For over a decade, the Balkan states of North Macedonia and Albania have endeavoured to become member states of the European Union. But during a meeting of EU general affairs ministers in Luxembourg early last week, French President Emmanuel Macron made it clear that he is not keen on moving forward – yet – blocking a plan to give the two countries a target date to begin accession talks.
The issue of Balkan accession resurfaced at the EU summit in Brussels, with the topic fighting for space against hot-button matters like Brexit and the ongoing crisis in Syria. The European Commission has said both countries have made enough progress in getting their judicial standards up to snuff to merit the launching of accession talks. However, leaders again chose to prolong discussions, with plans to re-engage the topic at the next summit in Zagreb in May 2020.
This decision has put France at odds with Germany, whose Chancellor, Angela Merkel, is keen to expand the EU and sees the issue as promoting long-sought political stability in the region. Germany hopes that giving the Balkans a path to join the EU, even if only for the trade benefits, will strengthen European stability overall. This is the third time their request to start accession talks has been rejected.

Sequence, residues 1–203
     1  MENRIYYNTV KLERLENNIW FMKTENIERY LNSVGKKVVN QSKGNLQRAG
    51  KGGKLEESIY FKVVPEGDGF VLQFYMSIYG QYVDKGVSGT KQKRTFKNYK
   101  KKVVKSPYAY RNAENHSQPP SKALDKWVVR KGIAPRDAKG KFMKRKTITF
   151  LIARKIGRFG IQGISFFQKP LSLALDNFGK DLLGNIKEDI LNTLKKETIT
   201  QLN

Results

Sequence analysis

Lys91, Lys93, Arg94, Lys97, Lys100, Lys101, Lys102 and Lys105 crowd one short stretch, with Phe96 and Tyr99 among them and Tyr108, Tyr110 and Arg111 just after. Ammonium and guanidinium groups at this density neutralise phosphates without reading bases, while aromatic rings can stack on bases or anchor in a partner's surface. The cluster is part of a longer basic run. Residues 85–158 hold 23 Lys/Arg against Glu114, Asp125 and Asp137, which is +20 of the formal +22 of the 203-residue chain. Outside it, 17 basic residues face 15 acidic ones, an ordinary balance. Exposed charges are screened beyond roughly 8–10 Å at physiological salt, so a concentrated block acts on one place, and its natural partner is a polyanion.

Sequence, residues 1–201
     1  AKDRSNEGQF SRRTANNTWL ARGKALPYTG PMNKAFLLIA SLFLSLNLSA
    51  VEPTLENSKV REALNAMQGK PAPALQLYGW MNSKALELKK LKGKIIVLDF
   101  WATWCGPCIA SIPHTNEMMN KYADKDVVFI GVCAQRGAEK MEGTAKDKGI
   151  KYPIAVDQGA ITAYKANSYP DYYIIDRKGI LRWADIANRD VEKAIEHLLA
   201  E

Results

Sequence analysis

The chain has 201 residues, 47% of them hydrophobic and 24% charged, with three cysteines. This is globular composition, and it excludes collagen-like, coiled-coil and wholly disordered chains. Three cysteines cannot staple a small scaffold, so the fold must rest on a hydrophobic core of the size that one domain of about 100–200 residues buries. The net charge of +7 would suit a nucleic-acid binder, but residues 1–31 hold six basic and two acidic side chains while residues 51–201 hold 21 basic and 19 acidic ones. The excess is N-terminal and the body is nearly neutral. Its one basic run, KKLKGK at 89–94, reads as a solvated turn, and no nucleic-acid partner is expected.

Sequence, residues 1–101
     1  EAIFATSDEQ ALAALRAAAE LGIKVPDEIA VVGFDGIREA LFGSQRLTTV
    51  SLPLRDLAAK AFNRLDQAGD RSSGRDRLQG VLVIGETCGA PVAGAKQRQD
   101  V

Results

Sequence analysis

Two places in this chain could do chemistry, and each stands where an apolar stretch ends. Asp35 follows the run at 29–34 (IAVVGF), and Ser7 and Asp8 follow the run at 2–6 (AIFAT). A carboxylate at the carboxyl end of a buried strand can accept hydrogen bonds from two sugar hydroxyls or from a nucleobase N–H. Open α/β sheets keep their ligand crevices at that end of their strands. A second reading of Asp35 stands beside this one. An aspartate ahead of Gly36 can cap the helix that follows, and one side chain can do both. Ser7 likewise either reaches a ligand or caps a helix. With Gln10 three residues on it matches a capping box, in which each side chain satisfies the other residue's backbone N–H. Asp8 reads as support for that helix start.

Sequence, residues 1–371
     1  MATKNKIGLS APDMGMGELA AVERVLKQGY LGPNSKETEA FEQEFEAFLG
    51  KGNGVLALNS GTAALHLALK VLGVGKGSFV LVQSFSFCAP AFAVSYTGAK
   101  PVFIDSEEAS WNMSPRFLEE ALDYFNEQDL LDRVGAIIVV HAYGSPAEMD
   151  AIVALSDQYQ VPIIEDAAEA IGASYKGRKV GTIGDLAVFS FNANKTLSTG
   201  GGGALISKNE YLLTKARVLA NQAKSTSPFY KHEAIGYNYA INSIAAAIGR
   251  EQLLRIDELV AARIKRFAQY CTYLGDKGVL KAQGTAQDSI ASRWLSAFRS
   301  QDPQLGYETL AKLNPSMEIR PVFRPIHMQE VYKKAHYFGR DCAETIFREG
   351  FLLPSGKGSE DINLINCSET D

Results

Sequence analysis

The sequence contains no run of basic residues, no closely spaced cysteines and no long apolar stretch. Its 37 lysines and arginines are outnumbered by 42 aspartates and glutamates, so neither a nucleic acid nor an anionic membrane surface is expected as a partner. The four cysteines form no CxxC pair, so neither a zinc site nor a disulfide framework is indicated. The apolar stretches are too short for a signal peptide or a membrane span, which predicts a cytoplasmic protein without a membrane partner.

“We clearly aren’t in a position today to stand by what we have repeatedly promised, namely the taking up of accession negotiations with North Macedonia and Albania”, said the German Minister of State for Europe, Michael Roth. “We are very disappointed”.
“I regret very much that member states could not take a decision”, said Johannes Hahn, an EU official who oversees EU membership bids. “It’s not a moment of glory for Europe… We have to restore our credibility in the Western Balkans and live up to our commitments. North Macedonia and Albania have done their homework and implemented painful reforms.”